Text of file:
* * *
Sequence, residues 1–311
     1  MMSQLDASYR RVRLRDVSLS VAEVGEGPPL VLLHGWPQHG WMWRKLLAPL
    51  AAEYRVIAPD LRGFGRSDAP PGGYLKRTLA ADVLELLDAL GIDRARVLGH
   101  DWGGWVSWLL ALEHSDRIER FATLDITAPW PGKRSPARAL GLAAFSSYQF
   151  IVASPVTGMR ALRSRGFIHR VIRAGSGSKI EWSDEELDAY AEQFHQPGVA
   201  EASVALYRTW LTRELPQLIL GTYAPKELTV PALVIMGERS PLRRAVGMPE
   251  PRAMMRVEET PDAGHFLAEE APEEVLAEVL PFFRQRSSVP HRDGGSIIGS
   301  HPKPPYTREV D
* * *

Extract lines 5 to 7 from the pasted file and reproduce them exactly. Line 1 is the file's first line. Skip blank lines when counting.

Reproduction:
   151  IVASPVTGMR ALRSRGFIHR VIRAGSGSKI EWSDEELDAY AEQFHQPGVA
   201  EASVALYRTW LTRELPQLIL GTYAPKELTV PALVIMGERS PLRRAVGMPE
   251  PRAMMRVEET PDAGHFLAEE APEEVLAEVL PFFRQRSSVP HRDGGSIIGS